ESPN, MLB agree on television deal
ESPN and Major League Baseball agreed to an eight-year extension of their current television deal last week.
The extension starts in 2014 and it’ll increase the amount the sports network pays from $360 million a year to around $700 million a year. It combines television, radio, digital and international rights as well. In the past, these were all handled separately. It also lets ESPN keep its Monday and Wednesday night games but more interestingly, it pretty much eliminates the local blackout that was in place in the past. Now those without ESPN can also watch their teams play when they’re on Monday or Wednesday night baseball.
It also gives ESPN one of the Wild Card games and increases the number of times it can schedule a team from five to six. The deal also lets ESPN have exclusive rights to the Sunday night game. Finally, it gives ESPN the ability to have live look-ins while SportsCenter is running.
Anheuser Busch, MLB agree to sponsorship deal
Major League Baseball and Anheuser-Busch appear to have fully settled their differences. They inked a sponsorship extension that will keep the company as the league’s official beer sponsor.
Back in 2010, the two sides went to court over an extension after Anheuser-Busch also signed on with the NFL. The new extension will run through 2018 and it will allow Anheuser-Busch to sponsor MLB Opening Week, the players of the month and the league’s Fan Cave. It will also be the presenting sponsor of one of the two Wild Card games played each year.
The deal also allows Anheuser-Busch to use the MLB logo and the logos of its teams. The teams are still allowed to strike individual deals with Anheuser-Busch’s competitors, but rules limit to the areas in which they can market their relationship. Most of the terms of the deal go into effect next year, but the Wild Card game sponsorship starts Anheuser-Busch will get this year. Anheuser-Busch now has sponsorship deals with MLB, the NFL, the NBA and UFC.
Yankees parking garage drama continues
The New York Yankees’ publicly subsidized parking garages are in default on their city-issued bonds and there’s been some recent speculation that one or more of the structures will be torn down and a hotel put in its place. Field of Schemes talks about how this is the first time a city official has brought up the subject but it’s not clear-cut. There are two newer garages that probably won’t be torn down and the speculation is that one of the older ones will be razed.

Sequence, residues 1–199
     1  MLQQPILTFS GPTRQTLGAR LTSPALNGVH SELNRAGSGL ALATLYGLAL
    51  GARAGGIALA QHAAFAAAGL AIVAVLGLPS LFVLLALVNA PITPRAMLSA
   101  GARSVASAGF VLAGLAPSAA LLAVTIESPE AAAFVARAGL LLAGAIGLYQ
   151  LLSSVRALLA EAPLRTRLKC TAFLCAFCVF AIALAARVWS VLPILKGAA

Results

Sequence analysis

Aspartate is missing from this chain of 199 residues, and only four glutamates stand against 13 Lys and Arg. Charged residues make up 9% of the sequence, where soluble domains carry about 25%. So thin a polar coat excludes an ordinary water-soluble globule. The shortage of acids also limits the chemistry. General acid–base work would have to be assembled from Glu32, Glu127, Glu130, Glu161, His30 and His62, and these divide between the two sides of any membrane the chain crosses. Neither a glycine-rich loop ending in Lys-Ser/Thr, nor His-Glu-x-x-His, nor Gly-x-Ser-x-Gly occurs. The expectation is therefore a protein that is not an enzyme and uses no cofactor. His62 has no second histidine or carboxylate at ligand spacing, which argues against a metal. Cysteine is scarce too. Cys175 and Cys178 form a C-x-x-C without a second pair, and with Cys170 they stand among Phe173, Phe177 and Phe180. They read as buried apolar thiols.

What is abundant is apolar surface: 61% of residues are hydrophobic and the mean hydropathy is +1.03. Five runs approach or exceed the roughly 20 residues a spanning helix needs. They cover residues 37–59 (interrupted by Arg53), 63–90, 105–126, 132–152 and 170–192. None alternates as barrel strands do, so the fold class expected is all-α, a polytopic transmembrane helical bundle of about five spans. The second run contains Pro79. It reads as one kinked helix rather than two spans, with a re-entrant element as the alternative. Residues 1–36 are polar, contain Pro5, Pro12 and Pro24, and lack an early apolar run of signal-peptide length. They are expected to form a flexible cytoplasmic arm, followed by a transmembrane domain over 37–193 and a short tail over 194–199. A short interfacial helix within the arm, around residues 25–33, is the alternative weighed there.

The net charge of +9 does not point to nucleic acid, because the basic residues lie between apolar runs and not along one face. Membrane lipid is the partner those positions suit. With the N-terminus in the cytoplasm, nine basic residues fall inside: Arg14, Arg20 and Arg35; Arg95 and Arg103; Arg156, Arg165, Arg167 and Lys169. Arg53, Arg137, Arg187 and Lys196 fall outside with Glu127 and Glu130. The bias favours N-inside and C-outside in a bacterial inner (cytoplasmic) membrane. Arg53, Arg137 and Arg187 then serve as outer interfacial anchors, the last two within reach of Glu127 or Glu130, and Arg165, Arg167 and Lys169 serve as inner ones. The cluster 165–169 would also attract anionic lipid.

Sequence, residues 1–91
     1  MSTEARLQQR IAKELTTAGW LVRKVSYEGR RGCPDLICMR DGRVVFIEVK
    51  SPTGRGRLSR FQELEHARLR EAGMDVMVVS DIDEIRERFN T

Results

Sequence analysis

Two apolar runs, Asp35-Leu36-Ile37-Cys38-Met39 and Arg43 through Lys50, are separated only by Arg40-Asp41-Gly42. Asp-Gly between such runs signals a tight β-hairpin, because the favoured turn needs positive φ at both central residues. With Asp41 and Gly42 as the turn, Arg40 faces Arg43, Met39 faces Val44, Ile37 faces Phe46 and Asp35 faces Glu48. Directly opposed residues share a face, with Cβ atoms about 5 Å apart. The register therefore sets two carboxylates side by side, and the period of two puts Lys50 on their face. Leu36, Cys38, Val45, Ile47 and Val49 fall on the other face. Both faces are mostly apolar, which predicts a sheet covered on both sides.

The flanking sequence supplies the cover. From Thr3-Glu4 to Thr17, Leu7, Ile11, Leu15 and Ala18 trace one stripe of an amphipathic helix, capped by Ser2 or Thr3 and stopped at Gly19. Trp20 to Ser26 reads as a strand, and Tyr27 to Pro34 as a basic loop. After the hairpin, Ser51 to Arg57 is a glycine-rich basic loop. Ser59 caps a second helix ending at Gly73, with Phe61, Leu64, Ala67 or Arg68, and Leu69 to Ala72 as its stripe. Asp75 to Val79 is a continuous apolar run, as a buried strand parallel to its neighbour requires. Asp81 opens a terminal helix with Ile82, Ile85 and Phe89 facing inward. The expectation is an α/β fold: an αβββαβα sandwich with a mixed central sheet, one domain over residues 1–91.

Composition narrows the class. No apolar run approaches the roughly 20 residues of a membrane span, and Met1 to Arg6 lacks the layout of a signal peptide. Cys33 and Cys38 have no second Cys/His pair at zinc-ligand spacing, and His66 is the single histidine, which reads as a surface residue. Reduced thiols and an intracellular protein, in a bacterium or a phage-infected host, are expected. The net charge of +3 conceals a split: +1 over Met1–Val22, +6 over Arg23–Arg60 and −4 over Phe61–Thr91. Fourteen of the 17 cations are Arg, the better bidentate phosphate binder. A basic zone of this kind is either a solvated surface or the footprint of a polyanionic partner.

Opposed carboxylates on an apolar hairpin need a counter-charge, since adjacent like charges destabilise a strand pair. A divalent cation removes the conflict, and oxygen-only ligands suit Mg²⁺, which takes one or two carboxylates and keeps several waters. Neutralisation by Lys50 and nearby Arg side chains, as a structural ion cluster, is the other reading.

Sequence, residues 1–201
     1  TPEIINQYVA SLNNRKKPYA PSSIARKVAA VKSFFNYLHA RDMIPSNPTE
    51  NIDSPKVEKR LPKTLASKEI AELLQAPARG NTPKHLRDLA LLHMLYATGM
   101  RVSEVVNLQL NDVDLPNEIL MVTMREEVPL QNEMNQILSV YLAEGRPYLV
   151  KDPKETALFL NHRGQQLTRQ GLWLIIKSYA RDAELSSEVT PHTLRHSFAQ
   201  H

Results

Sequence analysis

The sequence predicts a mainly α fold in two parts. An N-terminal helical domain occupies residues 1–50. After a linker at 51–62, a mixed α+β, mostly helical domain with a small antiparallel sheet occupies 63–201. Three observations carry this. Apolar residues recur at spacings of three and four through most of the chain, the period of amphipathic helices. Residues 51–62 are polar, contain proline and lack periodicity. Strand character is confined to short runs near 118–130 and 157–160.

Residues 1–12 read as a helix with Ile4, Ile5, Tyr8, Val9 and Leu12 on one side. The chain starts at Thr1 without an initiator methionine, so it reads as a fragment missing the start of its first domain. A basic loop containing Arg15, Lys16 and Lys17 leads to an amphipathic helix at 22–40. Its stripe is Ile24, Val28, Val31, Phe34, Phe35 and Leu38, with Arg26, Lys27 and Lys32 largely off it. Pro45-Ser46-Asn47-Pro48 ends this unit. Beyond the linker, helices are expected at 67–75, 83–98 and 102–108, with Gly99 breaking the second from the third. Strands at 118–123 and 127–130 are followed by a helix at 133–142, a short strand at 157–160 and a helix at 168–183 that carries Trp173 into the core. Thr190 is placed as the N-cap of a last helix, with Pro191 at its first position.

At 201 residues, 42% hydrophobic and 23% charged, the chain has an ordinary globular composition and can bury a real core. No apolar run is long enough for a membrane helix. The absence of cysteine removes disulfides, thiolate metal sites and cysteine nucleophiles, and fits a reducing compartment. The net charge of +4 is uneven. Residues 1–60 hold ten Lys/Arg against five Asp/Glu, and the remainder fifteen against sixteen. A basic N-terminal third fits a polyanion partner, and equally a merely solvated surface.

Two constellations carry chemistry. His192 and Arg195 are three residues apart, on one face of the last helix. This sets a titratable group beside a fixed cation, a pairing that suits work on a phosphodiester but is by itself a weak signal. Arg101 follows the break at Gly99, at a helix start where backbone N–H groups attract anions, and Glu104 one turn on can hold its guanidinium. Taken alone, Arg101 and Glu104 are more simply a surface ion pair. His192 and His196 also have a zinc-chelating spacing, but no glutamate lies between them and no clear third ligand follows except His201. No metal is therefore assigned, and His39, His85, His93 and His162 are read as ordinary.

Field of Schemes also says there’s no real plan yet and things are still in the early stages as contractors are responding to a request for qualifications. The author says this is still in the “kicking the tires” stage and at this point, anything could happen.
We’re entering the home stretch of the regular major league season and the Philadelphia Phillies are holding onto a slim lead as the top draw in baseball. They’ve drawn 44,269 fans per game and they just topped the three million mark for the sixth straight year. Just behind the Phillies are the New York Yankees, who also topped the three million mark but they’re less than 500 fans per game down from the Phillies. The Texas Rangers, San Francisco Giants and Los Angeles Dodgers round out the top five. If each team keeps its per-game attendance, we’ll have nine teams cross the three million mark this year.
The Yankees are the best road draw with 34,293 fans showing up to their road games on average. The Chicago Cubs are right behind them with 34,173 and the Phillies, New York Mets and Giants round out the top five there.
Despite making another playoff push, the Tampa Bay Rays are at the bottom of the list with 20,056 tickets sold per game. What’s impressive about that is, if that holds, it’ll be the first time ever that no team had an average of less than 20,000. The Oakland Athletics are second from the bottom. It’s probably not ironic that the two teams lobbying for new stadiums show up at the bottom of the list.